The [Wednesday] Papers
"The city of Chicago on Tuesday sought to put to rest one of its most persistent scandals, proposing a $5.5 million reparations fund for dozens of torture victims connected to former Chicago police Cmdr. Jon Burge and his so-called midnight crew of rogue detectives," the Tribune reports.
"[Flint] Taylor and other lawyers have said as many as 120 men, mostly African-Americans, were tortured from early 1972 to late 1991. Burge and his detectives had gained a reputation for solving brutal murders, rapes and deadly arsons in some of the South Side's most violent neighborhoods by obtaining confessions.
"Increasingly, however, suspects and their lawyers claimed that the officers used suffocation, electric shock and even Russian roulette to coerce the confessions, but those claims routinely were ignored by Cook County prosecutors and rebuffed by criminal court judges."
And by the media, which conveniently didn't make the Tribune's list.
"John Conroy 'did more than anyone else in all of journalism to expose police torture in Chicago,' Don Terry wrote last year in the Columbia Journalism Review," the Reader noted in 2011, as it celebrated its 40th anniversary.
"Conroy and the Reader kept the story alive for years until reinforcements arrived."
Which was almost a decade later.
"That coverage began with Conroy's 'House of Screams,' which ran on the Reader's cover in January 1990 - the story of torture within the brick walls of Area 2 headquarters, then at 91st and Cottage Grove . . .
"Conroy had expected the city's dailies to carry the story forward after the revelations in 'House of Screams' - but they didn't. Even the firing of Burge by the police board prompted mainly cursory coverage - not the systemic analysis Conroy had hoped for. So in January 1996, he wrote again about police torture for the Reader - the first of 22 pieces he'd author on the subject over the next 11 years."
Back to today's Tribune:
"Burge did not return calls Tuesday to his home in Florida.
But John "Jack" Byrne, Burge's former right-hand man, on Tuesday called the reparations deal a "scam perpetuated on taxpayers."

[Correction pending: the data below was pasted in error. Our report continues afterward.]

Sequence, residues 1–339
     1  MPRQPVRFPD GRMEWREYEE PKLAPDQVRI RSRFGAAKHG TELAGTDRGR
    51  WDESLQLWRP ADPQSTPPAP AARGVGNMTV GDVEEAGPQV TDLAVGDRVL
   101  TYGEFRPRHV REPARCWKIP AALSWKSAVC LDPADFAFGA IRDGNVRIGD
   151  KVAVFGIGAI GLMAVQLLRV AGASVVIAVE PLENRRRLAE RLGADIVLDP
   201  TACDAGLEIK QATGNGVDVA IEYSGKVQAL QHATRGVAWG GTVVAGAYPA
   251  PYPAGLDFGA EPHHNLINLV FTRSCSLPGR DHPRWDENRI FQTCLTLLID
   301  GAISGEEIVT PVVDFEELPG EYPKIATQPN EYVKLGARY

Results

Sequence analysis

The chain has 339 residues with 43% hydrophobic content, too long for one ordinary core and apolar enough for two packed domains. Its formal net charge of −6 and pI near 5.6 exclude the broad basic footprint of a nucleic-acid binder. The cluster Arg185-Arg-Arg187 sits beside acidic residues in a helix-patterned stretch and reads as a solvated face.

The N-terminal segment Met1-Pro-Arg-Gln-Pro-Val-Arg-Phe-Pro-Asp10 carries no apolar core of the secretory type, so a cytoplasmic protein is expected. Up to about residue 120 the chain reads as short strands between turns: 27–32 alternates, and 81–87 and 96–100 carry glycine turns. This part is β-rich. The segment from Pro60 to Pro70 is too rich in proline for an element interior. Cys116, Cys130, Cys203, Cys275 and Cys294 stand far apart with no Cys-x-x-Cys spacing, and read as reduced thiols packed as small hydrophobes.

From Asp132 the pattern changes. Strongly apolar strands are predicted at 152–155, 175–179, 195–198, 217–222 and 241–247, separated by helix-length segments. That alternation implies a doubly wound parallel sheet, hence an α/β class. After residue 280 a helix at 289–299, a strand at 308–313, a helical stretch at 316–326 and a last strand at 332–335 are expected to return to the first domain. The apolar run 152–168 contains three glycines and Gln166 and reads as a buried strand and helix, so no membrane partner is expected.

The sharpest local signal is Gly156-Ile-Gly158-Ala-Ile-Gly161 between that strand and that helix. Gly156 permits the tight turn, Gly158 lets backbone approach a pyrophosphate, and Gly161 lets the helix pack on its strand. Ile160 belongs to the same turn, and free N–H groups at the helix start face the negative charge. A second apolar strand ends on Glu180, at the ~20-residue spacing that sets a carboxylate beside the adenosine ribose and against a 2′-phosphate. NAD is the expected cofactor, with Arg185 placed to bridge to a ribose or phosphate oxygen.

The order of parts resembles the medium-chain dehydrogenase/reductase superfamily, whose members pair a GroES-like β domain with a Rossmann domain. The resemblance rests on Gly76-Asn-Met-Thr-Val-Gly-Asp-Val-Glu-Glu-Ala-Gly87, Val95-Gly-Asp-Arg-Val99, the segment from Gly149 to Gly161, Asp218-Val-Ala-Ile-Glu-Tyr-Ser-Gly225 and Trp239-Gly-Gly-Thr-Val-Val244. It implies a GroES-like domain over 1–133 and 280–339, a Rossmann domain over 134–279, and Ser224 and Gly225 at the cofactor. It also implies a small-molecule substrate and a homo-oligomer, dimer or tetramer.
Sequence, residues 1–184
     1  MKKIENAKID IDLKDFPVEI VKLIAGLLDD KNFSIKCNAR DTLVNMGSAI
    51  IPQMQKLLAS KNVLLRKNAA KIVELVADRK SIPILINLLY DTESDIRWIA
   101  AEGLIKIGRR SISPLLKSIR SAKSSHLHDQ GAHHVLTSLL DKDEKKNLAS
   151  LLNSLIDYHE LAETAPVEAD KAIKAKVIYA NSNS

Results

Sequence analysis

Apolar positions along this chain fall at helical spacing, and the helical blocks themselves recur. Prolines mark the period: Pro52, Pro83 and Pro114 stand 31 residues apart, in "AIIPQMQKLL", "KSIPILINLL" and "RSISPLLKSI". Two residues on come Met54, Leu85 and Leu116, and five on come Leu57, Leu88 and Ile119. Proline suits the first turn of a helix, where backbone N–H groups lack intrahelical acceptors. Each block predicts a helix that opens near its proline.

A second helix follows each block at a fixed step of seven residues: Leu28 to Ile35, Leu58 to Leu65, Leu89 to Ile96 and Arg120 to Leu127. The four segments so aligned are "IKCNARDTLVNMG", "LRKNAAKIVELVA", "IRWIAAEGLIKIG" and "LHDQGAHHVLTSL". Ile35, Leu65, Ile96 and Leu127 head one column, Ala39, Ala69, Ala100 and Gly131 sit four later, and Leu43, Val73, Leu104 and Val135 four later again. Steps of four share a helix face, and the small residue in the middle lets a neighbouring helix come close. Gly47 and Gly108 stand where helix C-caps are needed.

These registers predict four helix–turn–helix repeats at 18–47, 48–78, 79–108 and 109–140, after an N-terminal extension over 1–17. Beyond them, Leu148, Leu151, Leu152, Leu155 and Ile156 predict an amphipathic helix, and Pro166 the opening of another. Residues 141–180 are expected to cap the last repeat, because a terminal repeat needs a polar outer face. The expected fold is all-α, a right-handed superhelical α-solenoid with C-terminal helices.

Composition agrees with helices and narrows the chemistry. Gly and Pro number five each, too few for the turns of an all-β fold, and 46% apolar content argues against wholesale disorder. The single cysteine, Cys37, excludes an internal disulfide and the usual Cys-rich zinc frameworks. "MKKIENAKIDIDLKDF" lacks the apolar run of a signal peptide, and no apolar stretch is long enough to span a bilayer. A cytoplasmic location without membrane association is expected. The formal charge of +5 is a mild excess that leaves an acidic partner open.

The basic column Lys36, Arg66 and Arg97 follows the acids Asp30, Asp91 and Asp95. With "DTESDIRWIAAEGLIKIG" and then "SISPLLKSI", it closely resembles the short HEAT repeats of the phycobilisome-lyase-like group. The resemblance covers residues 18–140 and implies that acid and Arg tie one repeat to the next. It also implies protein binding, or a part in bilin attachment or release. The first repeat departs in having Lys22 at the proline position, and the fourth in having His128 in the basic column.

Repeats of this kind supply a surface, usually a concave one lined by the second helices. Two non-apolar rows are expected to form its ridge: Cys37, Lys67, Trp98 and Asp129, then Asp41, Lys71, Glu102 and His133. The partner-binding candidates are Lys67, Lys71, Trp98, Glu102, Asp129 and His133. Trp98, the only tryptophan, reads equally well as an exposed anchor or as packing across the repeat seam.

Why did the Tribune feel it was necessary to include this passage - to get the "other" side? It places a seed of doubt in readers' minds, even though multiple investigations including those by the police department itself as well as the most recent by special counsel Dan Webb concluded irrefutably that the allegations against Burge and his crew were true. Just because you reached the guy on the phone doesn't mean you are obligated to let him lie in your article.
"An ordinance calling for the reparations fund was introduced in October 2013. While a majority of aldermen professed support for the measure, it remained bottled up in the Finance Committee."
The passive construction of this passage makes it seem as if the ordinance somehow got stuck in a bottle for two years and nobody could get it out. Who kept it bottled up in the finance committee? We know who - Ed Burke and/or Rahm Emanuel. Say it - and tell us why they put a brick on it.
Now, this might seem to make for a great comedic opportunity and Burke is getting skewered on my social media channels, but I happen to think he might be right here. And I am not a fan of strip clubs - I find them depressing and degrading. But hear me out.
"Strip joint owners could offer the greater level of nudity if they clear a strict set of hurdles to obtain the proper licensing and zoning approval.
"The idea was first endorsed 14 months ago by the council's Zoning Committee but has languished since then."
Again, we have a proposal languishing in committee as if nobody is the languisher. But I digress.
"Asked Tuesday why the measure was being resurrected now, Burke said it was one of the last opportunities to get it approved before the new City Council is sworn in next month and all pending legislation that has not been voted up or down has to start the process over."
Okay. Does that mean Burke supports unlanguishing all proposals parked by mystery pols in committee for political reasons? But again, I digress.
"As originally envisioned by 32nd Ward Ald. Scott Waguespack, the ordinance aimed to end the unlawful impromptu conversion of adult bookstores, movie theaters and late-night bars into strip joints by explicitly outlawing strip clubs in places not licensed and zoned as 'cabarets.'"
Well, that seems to make sense.
"While the latest version of the ordinance still would do that, Waguespack withdrew support of his own ordinance after the Tribune detailed that the amended version allowed for greater nudity at strip clubs."
First, who amended Waguespack's proposal to do that? Another mystery member!
Second, here's the link to the Tribune detailing what the amended proposal would do because otherwise who the fuck knows what they're talking about? Invoicing the Trib now.
Third, from that link: